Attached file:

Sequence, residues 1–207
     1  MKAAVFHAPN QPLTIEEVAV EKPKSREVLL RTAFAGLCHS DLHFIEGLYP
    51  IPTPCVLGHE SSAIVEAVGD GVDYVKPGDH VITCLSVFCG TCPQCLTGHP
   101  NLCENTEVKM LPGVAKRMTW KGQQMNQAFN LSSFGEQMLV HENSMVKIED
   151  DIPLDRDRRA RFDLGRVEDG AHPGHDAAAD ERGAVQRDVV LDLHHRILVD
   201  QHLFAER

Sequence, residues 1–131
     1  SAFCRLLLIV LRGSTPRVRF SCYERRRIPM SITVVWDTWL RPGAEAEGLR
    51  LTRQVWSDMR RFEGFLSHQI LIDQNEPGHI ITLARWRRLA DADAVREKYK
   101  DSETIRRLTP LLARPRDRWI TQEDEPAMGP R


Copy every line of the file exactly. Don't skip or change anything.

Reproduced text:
Sequence, residues 1–207
     1  MKAAVFHAPN QPLTIEEVAV EKPKSREVLL RTAFAGLCHS DLHFIEGLYP
    51  IPTPCVLGHE SSAIVEAVGD GVDYVKPGDH VITCLSVFCG TCPQCLTGHP
   101  NLCENTEVKM LPGVAKRMTW KGQQMNQAFN LSSFGEQMLV HENSMVKIED
   151  DIPLDRDRRA RFDLGRVEDG AHPGHDAAAD ERGAVQRDVV LDLHHRILVD
   201  QHLFAER

Sequence, residues 1–131
     1  SAFCRLLLIV LRGSTPRVRF SCYERRRIPM SITVVWDTWL RPGAEAEGLR
    51  LTRQVWSDMR RFEGFLSHQI LIDQNEPGHI ITLARWRRLA DADAVREKYK
   101  DSETIRRLTP LLARPRDRWI TQEDEPAMGP R